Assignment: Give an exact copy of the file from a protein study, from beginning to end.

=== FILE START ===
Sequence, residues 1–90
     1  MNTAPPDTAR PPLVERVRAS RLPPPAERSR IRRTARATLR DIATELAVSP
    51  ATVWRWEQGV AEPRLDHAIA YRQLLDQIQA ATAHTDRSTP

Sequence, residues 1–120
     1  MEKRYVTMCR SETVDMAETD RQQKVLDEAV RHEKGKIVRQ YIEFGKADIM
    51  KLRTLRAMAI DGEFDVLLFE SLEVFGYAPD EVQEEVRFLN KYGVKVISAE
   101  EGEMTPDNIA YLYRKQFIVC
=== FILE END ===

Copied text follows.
Sequence, residues 1–90
     1  MNTAPPDTAR PPLVERVRAS RLPPPAERSR IRRTARATLR DIATELAVSP
    51  ATVWRWEQGV AEPRLDHAIA YRQLLDQIQA ATAHTDRSTP

Sequence, residues 1–120
     1  MEKRYVTMCR SETVDMAETD RQQKVLDEAV RHEKGKIVRQ YIEFGKADIM
    51  KLRTLRAMAI DGEFDVLLFE SLEVFGYAPD EVQEEVRFLN KYGVKVISAE
   101  EGEMTPDNIA YLYRKQFIVC